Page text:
Covid-19 has already made its impact on energy and infrastructure: share prices of listed yieldcos and infrastructure funds have fallen by anything between 10% and 30% since their peaks, with significant volatility ahead. While the fallout of the virus has so far been less damaging to the sector than to the wider market, it has still resulted in the material devaluation of a sector based around a value proposition of being mostly non-cyclical and built on safe and steady long-term returns.

The full impact is yet to be seen and, in fact, there are signs that the valuation of underlying assets may be less affected than the equity markets are suggesting.

Source: Capital IQ


Demand and volume: For assets such as toll roads and airports, lockdowns and reduced travelling can have direct impacts on revenue streams linked to traffic or passenger volumes. However, these impacts are not uniform. Revenue structures for these projects often have some protections built in, including guaranteed return mechanisms or floor price arrangements. In some countries where procurements took place before the 2008-09 economic crisis, volumes may never have recovered above these floor levels, and so a further reduction of demand may not affect revenue streams.

Construction: Disruptions to supply chains and to the ability of construction workers to physically get to sites have inevitably led to delays.

Macro-economic drivers: Assets that benefit from inflated revenue streams may find that inflation is lower than anticipated in the short and medium term. Exchange rate volatility may also have impacted some projects and power prices have reduced in the short term – and will likely continue to go down over the longer term (more on this below.)

Assets impacted: Most assets are still able to function as normal from an operational perspective. Across the renewable energy sector, for instance, even if maintenance and cleaning activities are reduced, solar PV and onshore wind projects are mostly operated remotely and will continue generating electricity without the need for a physical operator. Anaerobic digestion and biomass may be different, requiring increased physical presence as well as a continuous physical supply of feedstock. They are therefore taking up more attention of the asset’s owner.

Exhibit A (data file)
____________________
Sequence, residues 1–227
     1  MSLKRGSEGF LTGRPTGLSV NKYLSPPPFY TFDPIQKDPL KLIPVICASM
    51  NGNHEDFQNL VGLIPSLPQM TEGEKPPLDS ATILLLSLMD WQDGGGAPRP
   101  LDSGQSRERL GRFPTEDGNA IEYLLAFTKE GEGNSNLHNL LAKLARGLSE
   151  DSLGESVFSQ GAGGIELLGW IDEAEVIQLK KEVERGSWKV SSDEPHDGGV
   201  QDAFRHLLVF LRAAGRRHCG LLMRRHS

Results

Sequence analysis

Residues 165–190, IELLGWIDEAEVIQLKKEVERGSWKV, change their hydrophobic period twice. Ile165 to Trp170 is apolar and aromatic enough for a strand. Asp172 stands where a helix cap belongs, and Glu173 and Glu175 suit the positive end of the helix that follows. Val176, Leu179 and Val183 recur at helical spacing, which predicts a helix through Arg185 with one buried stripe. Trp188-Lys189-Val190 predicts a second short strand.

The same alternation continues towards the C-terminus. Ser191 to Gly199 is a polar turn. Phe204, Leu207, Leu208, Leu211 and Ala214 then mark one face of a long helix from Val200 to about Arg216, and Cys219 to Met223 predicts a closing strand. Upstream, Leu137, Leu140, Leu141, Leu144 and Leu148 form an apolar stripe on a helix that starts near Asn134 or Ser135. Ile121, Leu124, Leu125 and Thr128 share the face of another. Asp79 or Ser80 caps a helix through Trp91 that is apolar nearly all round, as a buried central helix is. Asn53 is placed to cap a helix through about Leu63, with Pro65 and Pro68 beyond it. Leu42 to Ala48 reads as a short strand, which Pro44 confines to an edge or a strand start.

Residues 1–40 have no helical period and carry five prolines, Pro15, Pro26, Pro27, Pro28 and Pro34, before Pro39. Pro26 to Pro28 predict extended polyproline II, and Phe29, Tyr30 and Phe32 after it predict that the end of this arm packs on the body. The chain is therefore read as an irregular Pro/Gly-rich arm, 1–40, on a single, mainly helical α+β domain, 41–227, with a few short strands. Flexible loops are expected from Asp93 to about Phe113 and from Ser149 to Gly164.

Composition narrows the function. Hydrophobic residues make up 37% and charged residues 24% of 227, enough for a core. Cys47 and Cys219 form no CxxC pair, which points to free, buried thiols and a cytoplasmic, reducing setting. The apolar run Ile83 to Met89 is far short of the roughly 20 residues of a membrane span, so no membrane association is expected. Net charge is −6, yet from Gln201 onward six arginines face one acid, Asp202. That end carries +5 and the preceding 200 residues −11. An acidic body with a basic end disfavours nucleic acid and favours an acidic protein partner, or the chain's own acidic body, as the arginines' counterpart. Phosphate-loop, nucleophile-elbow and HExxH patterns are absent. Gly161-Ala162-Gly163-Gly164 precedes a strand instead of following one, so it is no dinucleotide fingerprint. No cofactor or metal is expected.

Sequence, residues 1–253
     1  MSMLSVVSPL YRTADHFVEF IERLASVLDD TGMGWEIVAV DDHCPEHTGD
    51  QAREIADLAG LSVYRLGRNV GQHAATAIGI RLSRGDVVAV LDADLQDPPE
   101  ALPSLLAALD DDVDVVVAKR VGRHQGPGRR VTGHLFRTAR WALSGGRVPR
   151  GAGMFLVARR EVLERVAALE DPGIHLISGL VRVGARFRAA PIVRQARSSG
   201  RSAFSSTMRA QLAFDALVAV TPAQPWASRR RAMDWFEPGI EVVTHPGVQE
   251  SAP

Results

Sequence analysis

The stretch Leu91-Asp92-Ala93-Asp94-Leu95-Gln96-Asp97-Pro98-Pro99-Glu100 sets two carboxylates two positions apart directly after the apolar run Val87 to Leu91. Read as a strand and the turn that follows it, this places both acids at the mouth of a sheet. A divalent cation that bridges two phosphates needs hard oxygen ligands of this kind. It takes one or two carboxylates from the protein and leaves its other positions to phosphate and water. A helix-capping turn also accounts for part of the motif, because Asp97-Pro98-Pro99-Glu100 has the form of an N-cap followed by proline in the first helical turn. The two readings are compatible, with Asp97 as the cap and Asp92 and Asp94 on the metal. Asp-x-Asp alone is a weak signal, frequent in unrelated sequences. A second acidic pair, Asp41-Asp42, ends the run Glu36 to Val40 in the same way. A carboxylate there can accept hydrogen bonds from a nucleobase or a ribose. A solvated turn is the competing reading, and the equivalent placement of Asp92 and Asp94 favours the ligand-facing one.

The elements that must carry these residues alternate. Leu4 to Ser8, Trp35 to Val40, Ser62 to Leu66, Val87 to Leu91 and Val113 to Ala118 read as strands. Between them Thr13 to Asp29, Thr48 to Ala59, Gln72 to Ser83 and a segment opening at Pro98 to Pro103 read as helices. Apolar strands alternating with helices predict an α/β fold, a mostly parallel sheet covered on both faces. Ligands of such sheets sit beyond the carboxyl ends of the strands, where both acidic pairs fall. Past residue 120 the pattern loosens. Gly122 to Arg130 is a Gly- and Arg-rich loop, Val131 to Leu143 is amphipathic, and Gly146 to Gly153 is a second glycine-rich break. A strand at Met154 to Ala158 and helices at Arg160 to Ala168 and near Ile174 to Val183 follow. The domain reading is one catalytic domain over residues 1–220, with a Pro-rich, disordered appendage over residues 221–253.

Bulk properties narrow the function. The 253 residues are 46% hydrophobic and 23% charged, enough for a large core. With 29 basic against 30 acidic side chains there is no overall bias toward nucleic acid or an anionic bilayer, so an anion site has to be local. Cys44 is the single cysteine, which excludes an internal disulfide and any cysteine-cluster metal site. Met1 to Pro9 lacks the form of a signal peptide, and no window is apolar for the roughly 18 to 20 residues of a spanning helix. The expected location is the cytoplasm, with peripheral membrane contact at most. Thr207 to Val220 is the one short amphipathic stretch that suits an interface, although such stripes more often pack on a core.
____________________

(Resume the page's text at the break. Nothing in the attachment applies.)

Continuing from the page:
Assets unaffected: Availability-based assets have had to adapt operationally to the challenges of Covid-19, with very different implications when comparing schools and hospitals, for instance. But from a revenue and cashflow perspective, these assets are largely not impacted. The same would apply to many regulated assets, as well as power assets with contracted (rather than merchant) revenues.

The above is not exhaustive. But there are some principles that come out of it. Firstly, for a diversified infrastructure or energy fund, there are likely to be many assets for which forecast cashflows are mostly unchanged. Secondly, even where there have been significant impacts, these are mostly likely to be temporary in nature. The longer-term picture – and most infrastructure assets are 25 year or longer investments – may be relatively unaffected.


Deal flow and appetite for doing deals across the sector is not straightforward. On one hand, we have seen a lot of deals close over the past few weeks. According to Inframation, 60 infrastructure and energy transactions have closed around the world since 1 March – and there are others included in this list. Perhaps more surprisingly, 57 transactions have been launched in this period, including 24 in the renewable energy space. These span more than 20 countries and is in line with the monthly average of the previous six months.

These figures contrast with just 20 deals being cancelled, nearly all in the US. Again, this number is not that different from the monthly average in the previous six months. This suggests sentiment is holding up, for now, and client feedback is that there are funds to deploy, a desire to keep doing deals and no dramatic change of approach or strategy.

There are some headwinds, however. Lenders are still looking to lend, but not necessarily to underwrite, and there is reduced risk appetite in some cases. Listed funds may find that they become constrained if their ability to tap up the equity markets is reduced, and lower valuations mean they may push against their gearing limits.

In the renewable energy sector, an emerging challenge to deal flow – at least for those projects relying on merchant power revenues – is the prospect of material reductions to power price forecasts. This is not just driven by the short-term drop in demand for power linked to Covid-19. There is a longer-term structural shift forecast too. Inevitably this will make it more difficult for potential buyers of projects to meet seller / developer expectations, at least until those expectations start to shift, and it will also reduce debt capacity for these projects.

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